I have climate data for future projection scenarios of the RCP type only (i.e., RCP 4.5 and RCP 8.5) and land cover data for future projection scenarios of the SSP - RCP type (i.e., SSP 2 – RCP 4.5, SSP 5 – RCP 8.5). To build species distribution models, I need to combine the climate and land cover data together to facilitate the extraction of data associated with each SSP-RCP combination.

Since the climate data do not have SSP-RCP combinations like the land cover data, I was wondering if it is correct to associate the climate and land cover data as follows:

Climate RCP 4.5 with land cover SSP 2 – RCP 4.5

Climate RCP 8.5 with land cover SSP 5 – RCP 8.5

Or should I change the climate data to have SSP-RCP combinations like the land cover data to have these associations ?:

Climate SSP 2 – RCP 4.5 with land cover SSP 2 – RCP 4.5

Climate SSP 5 – RCP 8.5 with land cover SSP 5 – RCP 8.5


1 Answer 1


The SSP scenarios were designed to be in accordance with the RCP scenarios. As you illustrate, each SSP scenario is related with one or more RCP scenarios. Fore more details, see e.g. https://www.sciencedirect.com/science/article/pii/S0959378016300681?via%3Dihub and related literature.

The RCP scenarios in essence only contain physical information (energy balance), whereas the SSP scenarios contain different socio-economic scenarios leading to this energy balance. As such, the SSP scenarios (which can influence land cover, depending on socio-economic changes) are relevant for your question.

However, in CMIP6, SSP-RCP results from global climate models should be available. If global climate model data is of a good enough resolution for your question, you should also be able to use these. Yet, given that you're studying species distribution, I would assume that you need a finer resolution. Then, data might not yet be available, and just RCP data from a GCM-RCM (regional climate model) ensemble might be the best choice, as discussed above.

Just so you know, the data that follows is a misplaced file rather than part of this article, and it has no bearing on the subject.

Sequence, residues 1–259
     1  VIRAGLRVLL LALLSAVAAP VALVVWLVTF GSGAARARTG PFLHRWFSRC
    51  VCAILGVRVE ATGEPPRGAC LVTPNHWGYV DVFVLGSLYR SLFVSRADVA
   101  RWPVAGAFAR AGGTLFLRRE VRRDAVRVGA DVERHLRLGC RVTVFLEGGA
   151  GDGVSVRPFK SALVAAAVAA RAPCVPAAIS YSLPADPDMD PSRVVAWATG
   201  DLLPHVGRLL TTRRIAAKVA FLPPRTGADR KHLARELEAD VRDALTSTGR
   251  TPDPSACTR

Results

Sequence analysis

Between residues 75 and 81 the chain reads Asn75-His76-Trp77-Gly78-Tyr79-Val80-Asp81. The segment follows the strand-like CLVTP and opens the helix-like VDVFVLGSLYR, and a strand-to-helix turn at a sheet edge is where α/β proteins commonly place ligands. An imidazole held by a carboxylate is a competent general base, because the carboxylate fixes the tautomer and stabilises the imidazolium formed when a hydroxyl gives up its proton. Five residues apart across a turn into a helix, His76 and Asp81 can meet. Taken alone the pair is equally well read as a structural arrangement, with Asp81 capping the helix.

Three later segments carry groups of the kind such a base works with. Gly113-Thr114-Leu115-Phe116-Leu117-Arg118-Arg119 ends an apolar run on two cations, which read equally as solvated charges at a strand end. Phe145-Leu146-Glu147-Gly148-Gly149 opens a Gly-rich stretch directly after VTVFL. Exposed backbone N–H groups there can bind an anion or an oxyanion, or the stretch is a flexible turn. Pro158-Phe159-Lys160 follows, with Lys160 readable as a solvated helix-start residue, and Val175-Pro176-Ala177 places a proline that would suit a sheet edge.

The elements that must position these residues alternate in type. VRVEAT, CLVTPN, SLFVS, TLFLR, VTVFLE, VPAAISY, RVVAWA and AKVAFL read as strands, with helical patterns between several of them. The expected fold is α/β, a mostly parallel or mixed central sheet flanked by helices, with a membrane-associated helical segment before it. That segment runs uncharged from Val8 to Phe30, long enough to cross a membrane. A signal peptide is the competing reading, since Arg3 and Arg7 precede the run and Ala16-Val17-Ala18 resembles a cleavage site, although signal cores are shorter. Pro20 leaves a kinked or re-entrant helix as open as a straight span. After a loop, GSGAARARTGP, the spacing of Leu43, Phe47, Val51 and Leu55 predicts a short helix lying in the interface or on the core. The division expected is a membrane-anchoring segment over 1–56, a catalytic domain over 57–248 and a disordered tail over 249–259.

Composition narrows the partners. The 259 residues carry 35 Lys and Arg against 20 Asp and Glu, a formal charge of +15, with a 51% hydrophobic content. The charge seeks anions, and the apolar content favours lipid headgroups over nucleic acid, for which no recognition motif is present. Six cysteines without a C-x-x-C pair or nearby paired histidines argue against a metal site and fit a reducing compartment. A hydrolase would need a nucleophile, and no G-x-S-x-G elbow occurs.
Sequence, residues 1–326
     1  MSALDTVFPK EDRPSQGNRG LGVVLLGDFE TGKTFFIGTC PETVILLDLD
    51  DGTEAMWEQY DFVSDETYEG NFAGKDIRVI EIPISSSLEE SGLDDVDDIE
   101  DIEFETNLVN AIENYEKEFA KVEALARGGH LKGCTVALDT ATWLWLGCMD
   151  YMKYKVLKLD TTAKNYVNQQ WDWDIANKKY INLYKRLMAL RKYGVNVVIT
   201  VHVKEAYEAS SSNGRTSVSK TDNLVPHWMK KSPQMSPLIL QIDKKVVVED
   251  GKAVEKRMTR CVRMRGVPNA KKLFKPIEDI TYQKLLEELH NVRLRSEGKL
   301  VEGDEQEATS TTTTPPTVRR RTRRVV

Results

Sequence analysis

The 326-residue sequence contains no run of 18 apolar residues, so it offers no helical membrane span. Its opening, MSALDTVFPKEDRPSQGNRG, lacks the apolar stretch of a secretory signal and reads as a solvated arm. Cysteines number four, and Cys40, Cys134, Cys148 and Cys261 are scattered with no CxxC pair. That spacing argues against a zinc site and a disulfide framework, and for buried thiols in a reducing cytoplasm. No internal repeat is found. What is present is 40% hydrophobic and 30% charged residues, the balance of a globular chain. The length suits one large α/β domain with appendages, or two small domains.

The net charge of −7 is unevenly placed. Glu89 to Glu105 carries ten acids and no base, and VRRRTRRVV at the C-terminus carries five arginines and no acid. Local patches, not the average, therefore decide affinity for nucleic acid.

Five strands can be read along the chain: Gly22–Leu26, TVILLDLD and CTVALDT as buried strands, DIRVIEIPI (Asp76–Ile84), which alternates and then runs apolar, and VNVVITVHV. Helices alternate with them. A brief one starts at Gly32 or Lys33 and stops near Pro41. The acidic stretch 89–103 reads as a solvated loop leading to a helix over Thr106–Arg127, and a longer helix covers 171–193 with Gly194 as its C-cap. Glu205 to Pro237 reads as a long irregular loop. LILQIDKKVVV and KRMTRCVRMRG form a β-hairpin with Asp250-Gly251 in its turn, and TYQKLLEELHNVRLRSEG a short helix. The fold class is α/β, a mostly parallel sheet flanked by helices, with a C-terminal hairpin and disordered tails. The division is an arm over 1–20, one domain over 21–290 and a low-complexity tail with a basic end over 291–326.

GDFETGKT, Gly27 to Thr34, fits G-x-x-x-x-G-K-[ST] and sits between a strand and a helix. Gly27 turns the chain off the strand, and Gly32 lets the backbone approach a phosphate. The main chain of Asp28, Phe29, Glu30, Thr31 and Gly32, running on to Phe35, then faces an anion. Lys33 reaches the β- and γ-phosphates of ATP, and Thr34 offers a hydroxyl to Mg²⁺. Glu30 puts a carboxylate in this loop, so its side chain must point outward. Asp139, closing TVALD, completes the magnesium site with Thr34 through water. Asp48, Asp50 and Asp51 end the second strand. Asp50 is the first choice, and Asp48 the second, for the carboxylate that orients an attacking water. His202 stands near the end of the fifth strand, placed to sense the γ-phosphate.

Besides: take care with the climate data and postprocess according to your needs. Inputting raw climate data (with biases for certain variables) might lead to the wrong results.

  • $\begingroup$ Thank you very much for your answer. I am using NA-CORDEX climate data (regional climate model) with a resolution of 28 km (I couldn't find finer resolutions). These data include only RCP scenarios. On the other hand, WorldClim (global climate models) include combinations of SSP-RCP scenarios at 4 different spatial resolutions: 30s (~1 km), 2 minutes, 5 minutes, and 10 minutes. Even though regional climate models are more precise than global climate models, wouldn't WorldClim data be a better choice since they account for SSP-RCP combinations? $\endgroup$ Commented Jul 11 at 6:10
  • $\begingroup$ Indeed, more recent global climate model data can be a better choice, especially if they have a finer resolution. In that case I would suggest that you choose a global dataset with the resolution depending on your other input data. $\endgroup$
    – Jorn
    Commented Jul 12 at 7:34
  • $\begingroup$ Jorn: Great ! Thank you very much for taking the time to respond to me. $\endgroup$ Commented Jul 12 at 22:56

Your Answer

By clicking “Post Your Answer”, you agree to our terms of service and acknowledge you have read our privacy policy.

Not the answer you're looking for? Browse other questions tagged or ask your own question.